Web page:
In late October, both Iberdrola and Meadowsend held another in a series of informational meetings to address residents’ questions and concerns.

But Liisa Kissel, who sits on the board of Grafton Woodlands, said Iberdrola hasn’t answered a lot of questions, such as where they will build roadways to the site and what it would do if one town votes to allow the project and another votes against it. Iberdrola has said it would abide by the wishes of voters. According to VPR, Iberdrola is continuing its environmental and wind studies and will have a detailed proposal for both towns in time for a vote in November 2016.

Kissel said questions remain such as flood risk to Saxtons River, environmental degradation, loss of tourism, affects on health and whether payments to the town ($285,000 and $715,000 annually to Grafton and Windham respectively) were enough to offset losses.

Stating that he’s a Republican, state Sen. Joe Benning told the crowd of more than 50 that there are no party lines when it comes to industrial wind farms. The Senate Minority Leader from Caledonia said he is a believer in renewable energy. “We need to get off oil,” he said. But, he asked, “What kind of renewable energy future are we going to have? Wind energy by itself is a good thing. But it must be properly placed.” Benning, who with former Sen. Peter Galbraith, attempted to pass a moratorium on wind projects, said he lives near two wind farms – Lowell and Sheffield – and hiked up one to see what happened to the mountain top ridgeline. “We should not blow up that which we have been working to protect.”

He added that companies make offers of large sums of money that will divide the community but that communities must ask themselves, “Do we need the power? If we need renewable energy, can we keep it small-scale?” He ended by hoping that the area’s legislators would get on board.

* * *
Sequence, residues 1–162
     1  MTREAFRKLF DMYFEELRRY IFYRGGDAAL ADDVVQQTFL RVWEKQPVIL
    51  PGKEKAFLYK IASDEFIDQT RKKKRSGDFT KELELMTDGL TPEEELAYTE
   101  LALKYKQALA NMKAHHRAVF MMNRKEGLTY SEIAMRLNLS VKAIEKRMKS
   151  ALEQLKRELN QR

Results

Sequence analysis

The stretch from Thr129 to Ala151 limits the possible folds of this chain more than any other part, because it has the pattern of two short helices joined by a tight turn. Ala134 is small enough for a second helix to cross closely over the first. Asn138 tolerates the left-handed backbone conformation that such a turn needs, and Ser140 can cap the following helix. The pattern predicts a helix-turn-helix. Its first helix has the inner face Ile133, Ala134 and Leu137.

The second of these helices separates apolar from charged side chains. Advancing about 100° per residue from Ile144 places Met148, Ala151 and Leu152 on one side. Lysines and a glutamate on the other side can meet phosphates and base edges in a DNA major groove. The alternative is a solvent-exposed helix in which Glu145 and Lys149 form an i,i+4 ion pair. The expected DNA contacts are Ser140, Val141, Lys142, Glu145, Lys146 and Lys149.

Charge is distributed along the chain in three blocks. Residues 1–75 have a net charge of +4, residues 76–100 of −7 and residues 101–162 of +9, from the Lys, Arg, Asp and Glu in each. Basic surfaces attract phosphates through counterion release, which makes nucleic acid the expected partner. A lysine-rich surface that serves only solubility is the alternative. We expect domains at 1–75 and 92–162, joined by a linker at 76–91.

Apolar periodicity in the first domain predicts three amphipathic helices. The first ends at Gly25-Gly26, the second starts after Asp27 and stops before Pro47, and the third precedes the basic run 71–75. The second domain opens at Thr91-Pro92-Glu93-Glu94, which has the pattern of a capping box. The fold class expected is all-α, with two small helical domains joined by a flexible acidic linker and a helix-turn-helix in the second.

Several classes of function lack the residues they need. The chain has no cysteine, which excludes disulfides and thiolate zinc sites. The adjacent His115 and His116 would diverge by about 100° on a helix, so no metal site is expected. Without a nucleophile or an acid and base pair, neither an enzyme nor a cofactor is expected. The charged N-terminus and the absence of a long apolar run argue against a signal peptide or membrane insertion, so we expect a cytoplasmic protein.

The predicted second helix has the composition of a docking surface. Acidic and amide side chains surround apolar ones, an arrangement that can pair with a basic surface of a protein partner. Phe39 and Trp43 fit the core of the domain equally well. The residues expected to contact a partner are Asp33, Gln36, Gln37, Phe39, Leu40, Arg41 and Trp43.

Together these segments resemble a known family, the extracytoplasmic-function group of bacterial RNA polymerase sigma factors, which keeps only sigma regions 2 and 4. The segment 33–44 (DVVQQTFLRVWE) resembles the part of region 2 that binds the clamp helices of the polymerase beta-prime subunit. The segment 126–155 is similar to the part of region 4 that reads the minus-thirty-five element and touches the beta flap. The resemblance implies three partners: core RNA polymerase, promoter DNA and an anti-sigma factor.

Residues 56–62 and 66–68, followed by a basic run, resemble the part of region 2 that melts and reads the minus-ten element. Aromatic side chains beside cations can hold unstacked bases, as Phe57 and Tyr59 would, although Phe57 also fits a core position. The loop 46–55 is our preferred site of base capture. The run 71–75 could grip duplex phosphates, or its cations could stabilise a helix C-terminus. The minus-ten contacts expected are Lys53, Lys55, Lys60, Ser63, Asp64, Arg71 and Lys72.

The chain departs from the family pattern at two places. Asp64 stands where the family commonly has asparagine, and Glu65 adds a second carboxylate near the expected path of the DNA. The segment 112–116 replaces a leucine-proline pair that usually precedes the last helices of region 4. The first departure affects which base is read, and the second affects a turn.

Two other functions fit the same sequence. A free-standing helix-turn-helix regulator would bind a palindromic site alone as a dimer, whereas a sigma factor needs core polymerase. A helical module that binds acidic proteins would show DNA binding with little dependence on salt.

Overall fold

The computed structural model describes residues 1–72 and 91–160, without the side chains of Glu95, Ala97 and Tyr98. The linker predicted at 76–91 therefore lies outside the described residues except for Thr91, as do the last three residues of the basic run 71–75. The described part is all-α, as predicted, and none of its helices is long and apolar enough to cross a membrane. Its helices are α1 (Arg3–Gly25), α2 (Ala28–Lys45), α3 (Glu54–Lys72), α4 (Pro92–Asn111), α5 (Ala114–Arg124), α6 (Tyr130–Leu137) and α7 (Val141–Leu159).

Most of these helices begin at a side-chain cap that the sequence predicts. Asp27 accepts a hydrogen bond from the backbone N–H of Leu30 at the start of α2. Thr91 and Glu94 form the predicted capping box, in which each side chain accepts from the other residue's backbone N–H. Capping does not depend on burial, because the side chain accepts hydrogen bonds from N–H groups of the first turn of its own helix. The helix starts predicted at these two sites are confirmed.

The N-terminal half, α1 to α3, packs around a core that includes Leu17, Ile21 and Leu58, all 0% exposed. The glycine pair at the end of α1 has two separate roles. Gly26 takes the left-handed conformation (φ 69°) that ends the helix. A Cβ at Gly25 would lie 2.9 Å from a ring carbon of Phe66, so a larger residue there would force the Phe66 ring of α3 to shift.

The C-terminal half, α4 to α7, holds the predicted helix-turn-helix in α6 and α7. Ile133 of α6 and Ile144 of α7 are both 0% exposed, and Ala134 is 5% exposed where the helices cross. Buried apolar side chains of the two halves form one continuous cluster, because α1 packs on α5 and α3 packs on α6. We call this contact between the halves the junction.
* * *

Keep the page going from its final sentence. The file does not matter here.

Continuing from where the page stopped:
Larry Lorusso and Michael Fairneny are neighbors of each other and of the Hoosac Wind project in Monroe, Mass. Lorusso, a photographer, said he had been a supporter of wind “based on Iberdrola’s words.” But he said the destruction to the environment that he frequently photographed, the swampland that is no longer there and the harm to not only his health but others near the Hoosac project have made him change his mind.

“You can feel the vibrations … It’s not what you see or what you hear. It’s what you feel. My new normal is a state of anxiety.” Lorusso said that since the windmills are not in sync, the noise and the vibrations can be jarring. As he spoke, he showed photographs on a large screen of the Hoosac project landscape. It included a dead bat, which he said, didn’t die from hitting a blade, but from its lungs exploding from the change in air pressure. He added that wind farms “are terrible neighbors and they are horrible for the environment.”

Lorusso then recounted one couple who retired to the area, but walked away from their retirement home, 2,200 feet from the project, because both got sick.